social history

Eating for Others: The Nineteenth-Century Vegetarian Movement in Germany

by contributing editor Carolyn Taratko

“Vegetarianism is not only a question of the stomach but also one of society.” This may sound familiar to readers, as articles such as “Eat less meat to avoid dangerous global warming, scientists say” grace our newsfeeds and remind us of the environmental consequences of meat consumption. In fact, this quote comes not from a recent Guardian article but from Hermann Krecke, an advocate of a vegetarian lifestyle and member of the Eden Cooperative Fruit Settlement outside of Berlin around the turn of the twentieth century. Nineteenth-century vegetarianism represented the first popular wave of the movement, with an especially substantial following in Germany. Adherents share some key attributes with what we would recognize as vegetarianism today, but the two also differ in significant ways. While today vegetarianism is regarded as a dietary preference, historically it was associated with a certain worldview. I hesitate to trace a direct line of continuity between contemporary vegetarians and their nineteenth-century antecedents: the group has always been a heterogeneous one, perhaps best defined by a commonly held conviction that reform of society begins with the individual. These differences aside, it does appear that the larger social implications of dietary choices have circled back into contemporary consciousness.

Cover of Edener Mitteilungen, journal of Eden Settlement, 1931

Cover of Edener Mitteilungen, journal of Eden Settlement, 1931

Instead of an ethical imperative concerned with climate change, or even animal welfare, vegetarianism as practiced in nineteenth-century Germany took up the problem of social relations among humans. While an aversion towards the slaughter of animals was frequently cited as one justification for renouncing meat and adopting a vegetarian lifestyle, it was actually secondary to a group that saw itself as an association of modern practitioners of ascetism and remained skeptical of the increasingly visible manifestations of large industry and capitalism. These troubling developments catalyzed a turn inwards among members, who aimed to reform themselves without waiting for social norms or laws to change. At the Eden Settlement, founded in 1893 and perhaps the most well-known among the communities, the three doctrinal pillars, depicted in the form of three hardy trees on their crest, signified a sort of holy trinity of reform goals: reform of self, reform of land (Bodenreform), and reform of the economy. With that approach, German vegetarians hoped to alleviate some of the problems related to poverty.

Beginning in the late eighteenth century with the decline of the old corporate social structure, it became fashionable for middle-class individuals (primarily men) to organize in forms of associational life through the structure of the Verein. As Thomas Nipperdey has noted, the number of associations in Germany exploded between the late eighteenth and late nineteenth centuries. It was during this time that the first vegetarian association formed. While the earliest associations crystallized around general interests (for example, an interest in reading or patriotism), over time the trend skewed towards a greater degree of specialization. Amid the proliferation of associations for singing, education, and social reform, the Verein für naturgemäße Lebensweise (roughly “the association for a natural lifestyle”) was founded in the 1860s by a cohort of committed vegetarians. The association popularized a “natural lifestyle” which involved abstention from meat. In 1892, it was renamed as the Deutschen Vegetarier Bund, thus putting the avoidance of the meat at the center of their identity as a group.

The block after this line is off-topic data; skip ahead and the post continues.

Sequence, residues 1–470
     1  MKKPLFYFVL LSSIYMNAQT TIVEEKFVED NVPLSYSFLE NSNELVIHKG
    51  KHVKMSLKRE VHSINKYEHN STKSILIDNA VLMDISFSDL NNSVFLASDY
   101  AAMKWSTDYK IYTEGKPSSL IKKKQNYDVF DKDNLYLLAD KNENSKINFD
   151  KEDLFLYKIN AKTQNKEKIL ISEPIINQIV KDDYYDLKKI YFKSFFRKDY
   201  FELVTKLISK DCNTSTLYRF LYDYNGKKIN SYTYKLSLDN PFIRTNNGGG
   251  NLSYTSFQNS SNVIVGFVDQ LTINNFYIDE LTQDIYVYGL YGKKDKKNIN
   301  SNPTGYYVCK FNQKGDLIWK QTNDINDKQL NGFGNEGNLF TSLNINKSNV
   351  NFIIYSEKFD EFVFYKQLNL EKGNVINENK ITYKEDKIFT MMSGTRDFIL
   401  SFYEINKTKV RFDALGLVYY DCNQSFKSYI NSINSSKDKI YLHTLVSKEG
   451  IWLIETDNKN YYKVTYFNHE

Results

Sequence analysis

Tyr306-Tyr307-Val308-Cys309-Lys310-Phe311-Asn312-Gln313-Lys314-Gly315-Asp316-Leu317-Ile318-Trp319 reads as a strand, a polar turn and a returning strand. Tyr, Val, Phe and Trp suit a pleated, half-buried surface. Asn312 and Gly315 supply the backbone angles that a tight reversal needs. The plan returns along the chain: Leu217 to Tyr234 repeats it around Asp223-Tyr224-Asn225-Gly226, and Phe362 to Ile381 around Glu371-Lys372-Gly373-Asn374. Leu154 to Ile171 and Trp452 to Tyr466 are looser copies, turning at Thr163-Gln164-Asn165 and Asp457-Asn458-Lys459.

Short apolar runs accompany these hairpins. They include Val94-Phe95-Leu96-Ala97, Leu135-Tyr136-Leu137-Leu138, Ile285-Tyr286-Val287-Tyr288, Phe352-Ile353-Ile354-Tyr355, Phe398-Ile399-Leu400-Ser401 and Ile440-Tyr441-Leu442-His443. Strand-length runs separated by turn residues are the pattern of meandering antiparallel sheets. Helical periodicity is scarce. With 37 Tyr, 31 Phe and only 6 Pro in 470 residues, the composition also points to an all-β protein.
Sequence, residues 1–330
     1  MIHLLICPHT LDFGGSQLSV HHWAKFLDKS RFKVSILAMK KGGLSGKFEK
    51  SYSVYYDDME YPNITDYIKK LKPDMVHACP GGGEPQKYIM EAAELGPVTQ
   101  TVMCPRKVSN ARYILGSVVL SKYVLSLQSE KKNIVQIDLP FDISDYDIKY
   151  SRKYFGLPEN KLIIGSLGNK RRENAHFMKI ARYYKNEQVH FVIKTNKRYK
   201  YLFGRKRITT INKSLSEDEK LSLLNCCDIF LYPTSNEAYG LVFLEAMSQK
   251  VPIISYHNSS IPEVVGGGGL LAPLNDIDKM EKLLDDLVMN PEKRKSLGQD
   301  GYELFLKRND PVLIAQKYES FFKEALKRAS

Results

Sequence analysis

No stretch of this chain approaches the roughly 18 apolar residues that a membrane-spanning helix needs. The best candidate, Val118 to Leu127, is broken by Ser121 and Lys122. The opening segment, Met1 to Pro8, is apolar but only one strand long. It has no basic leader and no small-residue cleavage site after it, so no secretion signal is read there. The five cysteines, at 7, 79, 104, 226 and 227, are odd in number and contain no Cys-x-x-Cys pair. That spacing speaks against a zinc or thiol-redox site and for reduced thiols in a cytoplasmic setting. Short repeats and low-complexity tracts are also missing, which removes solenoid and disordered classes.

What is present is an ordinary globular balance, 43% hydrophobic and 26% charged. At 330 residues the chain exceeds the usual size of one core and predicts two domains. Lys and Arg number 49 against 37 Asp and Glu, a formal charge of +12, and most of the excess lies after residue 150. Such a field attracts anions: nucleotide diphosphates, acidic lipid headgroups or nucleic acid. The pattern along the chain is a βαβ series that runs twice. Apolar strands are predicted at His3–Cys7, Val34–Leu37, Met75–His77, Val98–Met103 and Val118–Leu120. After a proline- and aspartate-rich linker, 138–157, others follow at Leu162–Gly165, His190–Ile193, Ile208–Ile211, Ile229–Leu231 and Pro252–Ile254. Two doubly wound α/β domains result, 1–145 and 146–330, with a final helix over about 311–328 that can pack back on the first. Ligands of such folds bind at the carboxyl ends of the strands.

Yet what was originally called a “vegetarian lifestyle” was not self-evidently a meat-free diet. Eva Barlösius has convincingly argued that membership in the Verein (and later, the Bund) was not about a specific diet, nor was it narrowly about abstention from eating meat. Instead of representing a core tenet of common belief, a meat-free diet was merely one strategy for communicating difference between members and non-members (Barlösius, 11). Members advocated abstention from alcohol and tobacco as well as meat; a “natural lifestyle” entailed a good deal more than a plant-based diet. Writings from early practitioners, including Gustav Struve and Theodor Hahn, focused on a life of introspection and simple, coarse clothing, as well as natural cures in addition to a plant-based diet. As Barlösius notes, avoiding meat was one practice that both distinguished and united members of a group who often had differing agendas.

Gustav Struve

Gustav Struve

On the other hand, such a strict focus on social distinction and the social structure of the association as Barlösius presents obscures the ideological and scientific bases of the movement. The development of nutritional science increasingly thrust meat into national debates about health and the “social problem.” In the first place, food safety came to the fore on the international stage. Uwe Spiekermann has highlighted the role of pork as a contentious issue in relations between the US and Germany from 1870-1900, as food inspection became professionalized in the wake of trichinosis outbreaks on both sides of the Atlantic. This was an oft-cited reason given by vegetarians, such as leading figure Struve in his 1869 publication Pflanzenkost, die Grundlage einer neuen Weltanschauung. While disease outbreaks presented one risk inherent in a meat-laden diet, another took the form of more pronounced economic disadvantage. The growth in meat consumption and production was regarded by some as a source of continuing pauperization and undernourishment. According to one calculation, annual per capita meat production in 1855 was 19.6 kg. By 1895 this figure had practically doubled; by 1914 it had reached 45 kg. Several prominent experts (Max Weber among them) regarded the shift in dietary preferences and resulting undernourishment, or nutritional “gap” as they called it, to be the origin of alcoholism and the abuse of spirits among the working class. All in all, the growing presence of meat at the table was one noticeable sign of the changing times.